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 Juan Munoz  (1953 - 2001)

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Lived/Active: New York / Spain      Known for: anonymous figure, installation

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This biography from the Archives of AskART:
Born in Spain, Juan Munoz had a Fulbright scholarship to study in Britain and the United States. In the early 1980s, he began exhibiting and in 1997, he earned international recognition following his exhibitions at the Venice Biennale and Dia Center for the Arts in New York.

His focus was on the difficulty of clear communication between human beings.
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By the time of his death in Ibiza, Spain on August 28, 2001, Juan Munoz, at age 48, had achieved a level of respect and recognition in the international art community that is afforded few contemporary artists. A fatal aneurism abruptly ended a nearly 20-year career, during which the Spanish artist was recognized for his ability to expand the possibilities of figurative sculpture and installation art. He had more than 50 solo shows, and his work has been included in numerous international exhibitions such as Documenta (1992) and the Venice Biennale (1993). He won Spain's prestigious art prize, the Premio Nacional de Artes Plasticas, in 2000.

In early June, less than three months before his death, he completed his most ambitious work, "Double Bind," a vast installation for London's Tate Modern. While on vacation in Ibiza, he was anticipating the fall opening of the first major museum survey devoted to his art, to debut at the Hirshhorn Museum and Sculpture Garden before embarking on a U.S. tour. What was intended as a mid-career retrospective opened in Washington as a memorial exhibition on October 18, 2001, before moving to the Art Institute of Chicago.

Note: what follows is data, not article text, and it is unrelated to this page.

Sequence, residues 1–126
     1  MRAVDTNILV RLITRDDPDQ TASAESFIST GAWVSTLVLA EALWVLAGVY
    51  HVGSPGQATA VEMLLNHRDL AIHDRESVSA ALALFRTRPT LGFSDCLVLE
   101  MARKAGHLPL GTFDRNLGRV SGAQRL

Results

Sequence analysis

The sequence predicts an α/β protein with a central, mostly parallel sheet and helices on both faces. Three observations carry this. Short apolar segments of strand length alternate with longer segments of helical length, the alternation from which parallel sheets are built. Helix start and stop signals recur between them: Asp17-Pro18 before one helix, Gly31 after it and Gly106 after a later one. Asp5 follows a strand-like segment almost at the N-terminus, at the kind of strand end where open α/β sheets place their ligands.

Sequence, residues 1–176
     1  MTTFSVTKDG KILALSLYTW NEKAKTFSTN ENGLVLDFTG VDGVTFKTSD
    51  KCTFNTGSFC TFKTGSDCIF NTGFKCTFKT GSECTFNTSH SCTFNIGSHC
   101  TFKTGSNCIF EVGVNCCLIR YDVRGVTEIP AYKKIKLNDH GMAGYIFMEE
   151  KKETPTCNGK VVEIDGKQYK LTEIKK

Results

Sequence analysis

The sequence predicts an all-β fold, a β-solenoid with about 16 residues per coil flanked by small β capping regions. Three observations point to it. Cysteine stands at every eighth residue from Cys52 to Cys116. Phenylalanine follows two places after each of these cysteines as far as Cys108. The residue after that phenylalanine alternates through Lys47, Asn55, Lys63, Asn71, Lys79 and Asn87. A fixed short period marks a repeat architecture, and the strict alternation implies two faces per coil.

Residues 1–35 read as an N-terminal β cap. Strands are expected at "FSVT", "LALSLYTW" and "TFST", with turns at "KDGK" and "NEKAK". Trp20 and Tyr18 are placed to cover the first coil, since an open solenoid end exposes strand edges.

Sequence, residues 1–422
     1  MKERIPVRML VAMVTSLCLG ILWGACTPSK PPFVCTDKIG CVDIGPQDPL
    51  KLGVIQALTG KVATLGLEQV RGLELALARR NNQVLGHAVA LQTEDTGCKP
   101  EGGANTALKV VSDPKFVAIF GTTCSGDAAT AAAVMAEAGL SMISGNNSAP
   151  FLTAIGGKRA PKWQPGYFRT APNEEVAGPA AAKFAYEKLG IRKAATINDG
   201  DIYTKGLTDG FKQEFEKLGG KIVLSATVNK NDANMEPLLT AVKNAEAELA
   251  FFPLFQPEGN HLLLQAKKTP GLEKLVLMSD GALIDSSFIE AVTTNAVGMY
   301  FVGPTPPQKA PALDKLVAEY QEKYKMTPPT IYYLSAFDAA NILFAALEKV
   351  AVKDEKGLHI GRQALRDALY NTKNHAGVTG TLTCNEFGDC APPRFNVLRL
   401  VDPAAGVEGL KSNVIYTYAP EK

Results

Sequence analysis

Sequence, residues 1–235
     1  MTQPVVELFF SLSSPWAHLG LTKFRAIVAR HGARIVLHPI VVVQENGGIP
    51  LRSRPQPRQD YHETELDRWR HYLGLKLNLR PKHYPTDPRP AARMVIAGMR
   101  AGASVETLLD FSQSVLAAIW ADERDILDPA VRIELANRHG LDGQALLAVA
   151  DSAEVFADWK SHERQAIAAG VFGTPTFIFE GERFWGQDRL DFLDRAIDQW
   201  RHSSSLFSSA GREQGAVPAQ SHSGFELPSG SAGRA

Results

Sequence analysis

Born in Madrid in 1953, Munoz grew up in a middle-class family during the last decades of the repressive Franco regime. Studying privately with Santiago Amon, a leftist critic and editor for the newspaper, El Pais, Munoz was introduced to international vanguard works of literature and art. He briefly studied architecture at the University of Madrid before moving to London with his brother, Vicente, in 1970. After traveling extensively in Europe for some years, he returned to London in 1976 to enroll at Central Saint Martins College of Art and Design, where he earned a degree in printmaking.

While attending New York's Pratt Graphic Center in 1981, he received a Fulbright Fellowship and subsequently served as an artist-in-residence at P.S. 1 Contemporary Art Center in Long Island City. In 1982, he returned to Spain, settling in Torrelodones, a Madrid suburb, with his wife, the Basque sculptor Cristina Iglesias, whom he had met several years earlier in London.

In the same year he conducted an interview with his favorite sculptor, Richard Serra, which he hoped to publish. While it never made its way into print, the interview nevertheless led to Munoz's brief career as a curator. Serra referred him to a friend, the Spanish curator Carmen Gimenez, who was working at the time for the Ministry of Culture in Madrid. Under Gimenez's guidance, Munoz organized two influential traveling museum exhibitions, introducing the work of a number of key contemporary artists and architects to post-Franco Spain.

The first show paired architects with artists, and the second compared contemporary art with prehistoric paintings and artifacts. Munoz contributed an essay for the catalogue of each show, establishing his reputation as an astute critic. Subsequently, he wrote numerous essays for various publications, exploring a broad range of topics from Borges and Borromini to Aztec art and British modernist sculpture.

While Munoz found his curatorial work rewarding in some ways, the small fees he earned left him constantly broke. He supplemented his income with odd jobs, including briefly working as an assistant to Mario Merz, who was in Madrid at the time. Eventually, Munoz abandoned curating and returned to making art. He produced a series of smallish welded-steel wall reliefs and freestanding sculpture depicting highly stylized balconies and staircases, some incorporating wooden doll-like figures.